How do you differentiate #f(x)=1/sqrt(1x)# using the chain rule?
Rewrite using negative exponents:
Then, applying the Power Rule in conjunction with the Chain Rule,
Rewriting in radical form:
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To differentiate ( f(x) = \frac{1}{\sqrt{1x}} ) using the chain rule, follow these steps:

Identify the outer function and the inner function. In this case, the outer function is ( \frac{1}{\sqrt{x}} ) and the inner function is ( 1x ).

Differentiate the outer function with respect to its variable, treating the inner function as if it were a simple variable. The derivative of ( \frac{1}{\sqrt{x}} ) is ( \frac{1}{2}x^{3/2} ).

Multiply the result from step 2 by the derivative of the inner function with respect to its variable. The derivative of ( 1x ) is ( 1 ).

Combine the results to get the derivative of the entire function. So, the derivative of ( f(x) = \frac{1}{\sqrt{1x}} ) is ( \frac{1}{2}(1x)^{3/2} ).
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When evaluating a onesided limit, you need to be careful when a quantity is approaching zero since its sign is different depending on which way it is approaching zero from. Let us look at some examples.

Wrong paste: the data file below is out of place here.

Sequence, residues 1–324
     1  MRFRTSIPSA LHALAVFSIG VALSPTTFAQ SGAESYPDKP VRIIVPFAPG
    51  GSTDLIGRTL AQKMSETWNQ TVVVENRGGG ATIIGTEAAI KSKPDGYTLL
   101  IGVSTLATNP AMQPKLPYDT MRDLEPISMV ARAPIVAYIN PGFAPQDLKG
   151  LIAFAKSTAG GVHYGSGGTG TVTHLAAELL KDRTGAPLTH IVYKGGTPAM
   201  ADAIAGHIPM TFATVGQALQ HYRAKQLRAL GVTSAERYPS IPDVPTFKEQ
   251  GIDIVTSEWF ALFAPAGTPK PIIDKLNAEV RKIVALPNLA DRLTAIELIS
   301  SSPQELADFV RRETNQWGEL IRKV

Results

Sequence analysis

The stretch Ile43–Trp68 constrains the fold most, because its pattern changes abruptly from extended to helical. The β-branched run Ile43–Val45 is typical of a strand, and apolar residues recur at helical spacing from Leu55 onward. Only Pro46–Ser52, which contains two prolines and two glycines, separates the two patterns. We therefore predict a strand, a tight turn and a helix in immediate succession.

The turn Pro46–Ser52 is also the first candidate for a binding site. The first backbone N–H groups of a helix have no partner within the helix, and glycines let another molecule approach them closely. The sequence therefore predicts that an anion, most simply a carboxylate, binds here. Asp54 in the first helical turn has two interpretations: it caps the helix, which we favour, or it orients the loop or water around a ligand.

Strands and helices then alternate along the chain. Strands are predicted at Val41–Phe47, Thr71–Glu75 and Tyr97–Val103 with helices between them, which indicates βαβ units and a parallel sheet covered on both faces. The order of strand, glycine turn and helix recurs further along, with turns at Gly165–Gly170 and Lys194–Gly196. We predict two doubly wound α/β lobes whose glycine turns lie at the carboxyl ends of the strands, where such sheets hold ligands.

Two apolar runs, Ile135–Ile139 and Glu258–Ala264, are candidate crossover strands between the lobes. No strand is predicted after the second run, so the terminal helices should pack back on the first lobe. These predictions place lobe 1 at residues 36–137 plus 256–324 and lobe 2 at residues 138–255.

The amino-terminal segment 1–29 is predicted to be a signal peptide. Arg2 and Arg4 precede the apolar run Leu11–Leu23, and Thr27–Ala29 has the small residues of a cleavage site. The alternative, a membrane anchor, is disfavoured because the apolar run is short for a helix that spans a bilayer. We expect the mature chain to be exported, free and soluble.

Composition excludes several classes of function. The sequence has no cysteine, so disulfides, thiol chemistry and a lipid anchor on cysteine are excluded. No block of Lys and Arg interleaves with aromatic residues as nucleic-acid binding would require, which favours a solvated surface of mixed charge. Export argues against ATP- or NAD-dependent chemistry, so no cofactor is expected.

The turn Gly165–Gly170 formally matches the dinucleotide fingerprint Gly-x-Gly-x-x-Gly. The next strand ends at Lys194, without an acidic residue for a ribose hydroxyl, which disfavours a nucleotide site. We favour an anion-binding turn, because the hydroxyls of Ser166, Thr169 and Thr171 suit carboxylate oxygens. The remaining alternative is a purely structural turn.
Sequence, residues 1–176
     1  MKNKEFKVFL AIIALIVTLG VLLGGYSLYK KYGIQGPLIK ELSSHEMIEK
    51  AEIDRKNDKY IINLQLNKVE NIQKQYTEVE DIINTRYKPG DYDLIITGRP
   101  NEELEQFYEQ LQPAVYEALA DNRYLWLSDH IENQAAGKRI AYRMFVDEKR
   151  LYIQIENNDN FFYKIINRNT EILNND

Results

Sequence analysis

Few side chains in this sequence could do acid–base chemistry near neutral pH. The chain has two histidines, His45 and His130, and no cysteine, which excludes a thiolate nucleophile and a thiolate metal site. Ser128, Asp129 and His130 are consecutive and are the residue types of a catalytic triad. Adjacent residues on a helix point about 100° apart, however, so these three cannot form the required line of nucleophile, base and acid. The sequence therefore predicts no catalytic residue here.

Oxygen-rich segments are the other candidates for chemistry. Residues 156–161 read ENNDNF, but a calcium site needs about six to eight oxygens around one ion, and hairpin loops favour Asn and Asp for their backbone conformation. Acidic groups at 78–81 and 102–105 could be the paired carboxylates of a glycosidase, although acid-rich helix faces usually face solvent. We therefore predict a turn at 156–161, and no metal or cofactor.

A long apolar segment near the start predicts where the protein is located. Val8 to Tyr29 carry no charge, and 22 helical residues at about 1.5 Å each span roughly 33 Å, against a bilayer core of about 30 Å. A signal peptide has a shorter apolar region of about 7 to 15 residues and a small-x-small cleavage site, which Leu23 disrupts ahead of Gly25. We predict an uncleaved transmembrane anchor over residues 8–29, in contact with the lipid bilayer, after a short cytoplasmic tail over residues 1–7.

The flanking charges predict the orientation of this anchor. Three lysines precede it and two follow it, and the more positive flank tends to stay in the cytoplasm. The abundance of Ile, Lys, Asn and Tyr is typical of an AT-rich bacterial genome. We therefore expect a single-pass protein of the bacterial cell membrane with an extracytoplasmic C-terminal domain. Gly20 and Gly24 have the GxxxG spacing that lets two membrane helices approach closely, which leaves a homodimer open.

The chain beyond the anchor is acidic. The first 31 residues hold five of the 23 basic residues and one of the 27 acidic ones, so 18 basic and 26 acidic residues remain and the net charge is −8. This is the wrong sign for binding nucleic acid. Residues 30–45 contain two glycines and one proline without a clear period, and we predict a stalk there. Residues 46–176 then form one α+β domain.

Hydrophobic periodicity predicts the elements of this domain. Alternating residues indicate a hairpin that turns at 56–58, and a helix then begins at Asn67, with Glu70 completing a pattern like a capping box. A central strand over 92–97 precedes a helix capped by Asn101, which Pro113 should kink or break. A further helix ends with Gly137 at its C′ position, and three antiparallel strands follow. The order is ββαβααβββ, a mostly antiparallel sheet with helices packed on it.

When evaluating a onesided limit, you need to be careful when a quantity is approaching zero since its sign is different depending on which way it is approaching zero from. Let us look at some examples.
When evaluating a onesided limit, you need to be careful when a quantity is approaching zero since its sign is different depending on which way it is approaching zero from. Let us look at some examples.
When evaluating a onesided limit, you need to be careful when a quantity is approaching zero since its sign is different depending on which way it is approaching zero from. Let us look at some examples.
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